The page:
Can Stocks Weather Grim Profit Outlooks?

Wall Street
Richard Drew/AP
By Caroline Valetkevitch

NEW YORK -- U.S. companies are sounding the alarm on fourth-quarter earnings, lowering profit estimates just as the stock market is poised to end its best year since 1998.

The ratio of profit warnings to positive outlooks for the current quarter is shaping up to be the worst since at least 1996, based on Thomson Reuters data.

More warnings may jolt the market this week, but market watchers say this trend could be no more than analysts being too optimistic at the beginning and needing to adjust downward.

Stocks rallied Friday after a stronger-than-expected U.S. payrolls report and ended nearly flat on the week after eight straight weeks of gains. The Standard & Poor's 500 index (^GPSC) is up 26.6 percent for the year to date, on track for its best yearly gain in 15 years.

"There's a natural tendency on the part of Wall Street in any given year to be overly optimistic as it relates to the back half of the year. It isn't so much the companies' failing, it's where Wall Street has decided to place the bar," said Matthew Kaufler, portfolio manager for Clover Value Fund (VFCIX) at Federated Investors in Rochester, N.Y.

So any negative news about earnings may "already be in the stock prices," he said.

The market has rallied even though it is faced with the inevitable withdrawal of the Fed's stimulus, the drag on the economy of stubborn high unemployment and the threat of rising interest rates.

As the quarter heads to a close, economic data, including the upbeat November payrolls report, suggest the recovery is building momentum, %VIRTUAL-article-sponsoredlinks%so much so that some investors worry the Federal Reserve may begin curbing its stimulus sooner rather than later.

The signs of a strengthening recovery and uncertainty over when the Fed will act have overshadowed a lot of earnings news lately, and that trend is expected to continue.

U.S. primary dealers surveyed by Reuters on Friday said they expect the Fed will start reducing its bond-buying program no later than March. A handful of firms expect the central bank to take action as early as December.

The policy-making Federal Open Market Committee's next meeting is scheduled for Dec. 17-18.

Still, estimates for fourth-quarter S&P 500 earnings have fallen sharply since the start of the year when analysts were building in much stronger profit gains for the second half of the year.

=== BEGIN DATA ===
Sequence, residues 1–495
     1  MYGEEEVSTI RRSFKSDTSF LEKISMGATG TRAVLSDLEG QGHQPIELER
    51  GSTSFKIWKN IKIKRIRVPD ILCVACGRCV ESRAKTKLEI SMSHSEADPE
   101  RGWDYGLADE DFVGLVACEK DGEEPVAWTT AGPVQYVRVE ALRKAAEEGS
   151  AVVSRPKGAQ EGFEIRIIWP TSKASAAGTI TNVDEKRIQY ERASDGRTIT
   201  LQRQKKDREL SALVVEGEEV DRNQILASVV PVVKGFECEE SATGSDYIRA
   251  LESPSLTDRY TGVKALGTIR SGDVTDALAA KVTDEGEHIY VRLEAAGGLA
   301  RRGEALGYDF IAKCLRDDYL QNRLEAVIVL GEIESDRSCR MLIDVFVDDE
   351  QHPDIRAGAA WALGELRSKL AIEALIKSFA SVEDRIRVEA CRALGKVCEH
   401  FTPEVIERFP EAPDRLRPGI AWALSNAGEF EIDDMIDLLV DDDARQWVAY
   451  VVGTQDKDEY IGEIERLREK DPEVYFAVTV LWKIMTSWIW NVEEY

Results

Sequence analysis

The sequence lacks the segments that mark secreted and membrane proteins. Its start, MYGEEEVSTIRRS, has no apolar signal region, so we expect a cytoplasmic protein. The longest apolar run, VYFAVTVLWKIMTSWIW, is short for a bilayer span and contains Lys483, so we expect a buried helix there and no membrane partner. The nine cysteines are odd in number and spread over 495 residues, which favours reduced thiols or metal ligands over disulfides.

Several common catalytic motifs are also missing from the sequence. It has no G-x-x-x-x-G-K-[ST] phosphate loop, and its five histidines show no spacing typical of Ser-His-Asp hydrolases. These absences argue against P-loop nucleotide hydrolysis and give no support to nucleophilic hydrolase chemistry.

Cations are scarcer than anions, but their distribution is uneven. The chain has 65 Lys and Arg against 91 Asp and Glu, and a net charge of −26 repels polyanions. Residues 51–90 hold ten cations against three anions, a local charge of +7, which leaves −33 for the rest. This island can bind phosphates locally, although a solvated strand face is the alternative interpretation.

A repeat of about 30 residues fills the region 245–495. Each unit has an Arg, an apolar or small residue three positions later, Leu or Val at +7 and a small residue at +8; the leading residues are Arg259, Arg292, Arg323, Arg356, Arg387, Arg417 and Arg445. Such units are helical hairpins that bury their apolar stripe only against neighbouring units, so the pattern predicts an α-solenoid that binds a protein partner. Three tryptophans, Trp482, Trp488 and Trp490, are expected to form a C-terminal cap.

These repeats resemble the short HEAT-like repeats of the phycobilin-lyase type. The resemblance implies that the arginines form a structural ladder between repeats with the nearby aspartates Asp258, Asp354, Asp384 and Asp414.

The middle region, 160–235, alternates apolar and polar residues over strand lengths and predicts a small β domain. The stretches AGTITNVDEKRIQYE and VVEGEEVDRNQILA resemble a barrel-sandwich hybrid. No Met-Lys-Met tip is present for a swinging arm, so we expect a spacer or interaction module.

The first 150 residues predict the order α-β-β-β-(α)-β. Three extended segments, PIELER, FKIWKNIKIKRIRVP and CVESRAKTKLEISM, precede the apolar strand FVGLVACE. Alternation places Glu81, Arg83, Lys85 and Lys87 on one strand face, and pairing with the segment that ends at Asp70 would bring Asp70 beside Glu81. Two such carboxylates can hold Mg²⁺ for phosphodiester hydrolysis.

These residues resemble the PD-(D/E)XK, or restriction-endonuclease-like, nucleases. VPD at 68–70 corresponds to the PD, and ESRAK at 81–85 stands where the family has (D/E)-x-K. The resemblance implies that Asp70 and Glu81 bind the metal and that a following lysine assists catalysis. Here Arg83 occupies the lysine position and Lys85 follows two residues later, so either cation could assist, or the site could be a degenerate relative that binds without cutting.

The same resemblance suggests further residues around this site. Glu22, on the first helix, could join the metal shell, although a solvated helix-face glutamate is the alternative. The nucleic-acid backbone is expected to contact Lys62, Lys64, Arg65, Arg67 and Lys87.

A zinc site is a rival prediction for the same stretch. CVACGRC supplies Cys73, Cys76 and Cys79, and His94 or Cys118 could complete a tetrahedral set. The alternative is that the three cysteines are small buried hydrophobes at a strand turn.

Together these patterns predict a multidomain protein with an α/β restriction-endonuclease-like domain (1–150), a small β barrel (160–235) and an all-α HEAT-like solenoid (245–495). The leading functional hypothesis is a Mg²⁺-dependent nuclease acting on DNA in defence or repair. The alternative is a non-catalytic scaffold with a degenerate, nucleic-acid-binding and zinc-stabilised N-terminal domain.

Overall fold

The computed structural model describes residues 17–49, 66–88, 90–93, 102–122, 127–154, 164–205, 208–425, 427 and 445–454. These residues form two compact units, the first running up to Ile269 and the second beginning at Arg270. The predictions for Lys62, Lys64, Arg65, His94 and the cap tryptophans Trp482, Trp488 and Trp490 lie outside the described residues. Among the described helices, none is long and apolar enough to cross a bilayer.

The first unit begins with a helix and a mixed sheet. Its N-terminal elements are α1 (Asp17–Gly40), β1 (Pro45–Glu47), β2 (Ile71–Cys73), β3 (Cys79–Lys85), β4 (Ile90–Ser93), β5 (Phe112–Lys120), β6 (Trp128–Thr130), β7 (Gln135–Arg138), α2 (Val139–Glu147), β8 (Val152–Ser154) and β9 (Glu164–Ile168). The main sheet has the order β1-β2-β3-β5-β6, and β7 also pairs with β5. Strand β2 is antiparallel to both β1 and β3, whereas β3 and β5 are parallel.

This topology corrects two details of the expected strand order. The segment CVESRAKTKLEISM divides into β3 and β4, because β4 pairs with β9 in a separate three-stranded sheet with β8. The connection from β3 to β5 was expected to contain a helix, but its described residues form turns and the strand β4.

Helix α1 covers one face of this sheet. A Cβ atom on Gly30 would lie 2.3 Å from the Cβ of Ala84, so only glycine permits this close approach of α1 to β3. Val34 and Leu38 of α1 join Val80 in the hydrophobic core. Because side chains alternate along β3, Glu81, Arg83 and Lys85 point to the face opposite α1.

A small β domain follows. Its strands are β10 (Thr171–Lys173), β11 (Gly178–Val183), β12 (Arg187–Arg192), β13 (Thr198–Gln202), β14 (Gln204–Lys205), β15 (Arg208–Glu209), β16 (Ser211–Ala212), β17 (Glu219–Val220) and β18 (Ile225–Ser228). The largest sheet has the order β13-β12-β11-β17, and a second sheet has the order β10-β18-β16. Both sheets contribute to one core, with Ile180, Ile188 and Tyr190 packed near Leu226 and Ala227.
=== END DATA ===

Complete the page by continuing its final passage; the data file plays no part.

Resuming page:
Earnings for the quarter are now expected to have increased 7.8 percent from a year ago compared with estimates of 17.6 percent at the start of the year and 10.9 percent at the start of the fourth quarter.

Natalie Trunow, chief investment officer of equities at Calvert Investment Management, which has about $13 billion in assets, said the outlooks might not be enough to reverse the positive momentum in the market at least in the near term.

"To some degree, [corporate] guidance is used to manage earnings expectations," Trunow said. "In the first quarter, I think people will expect tapering, so that's a negative. The earnings season will have to compensate for that. If [fourth-quarter] earnings are softer than expected, it will be a double negative."

The 11.4 to 1 negative-to-positive ratio of earnings forecasts sets the fourth quarter up as the most negative on record, based on Reuters data.

So far 120 companies have issued outlooks. In a typical quarter, between 130 and 150 S&P 500 companies issue guidance.

In small and mid-cap stocks, the trend appears much less gloomy.

Thomson Reuters data for S&P 400 companies shows 2.2 negative outlooks for every one positive forecast, while data for S&P 600 companies shows a similar ratio.

The S&P 500 technology sector so far leads in negative outlooks with 28, followed by consumer discretionary companies, with 22 warnings for the fourth quarter.

Steep holiday discounts are expected to result in thinner profit margins for some retailers in the fourth quarter.

Third-quarter growth data showed a sharp rise in business inventories and declining consumer demand, raising questions about the impact on earnings.

"It appears while the percentage [of warnings] is high, it's still not really infiltrating to all sectors," said Peter Cardillo, chief market economist at Rockwell Global Capital in New York. "Obviously it impacts the individual [stocks], but maybe not the market trend."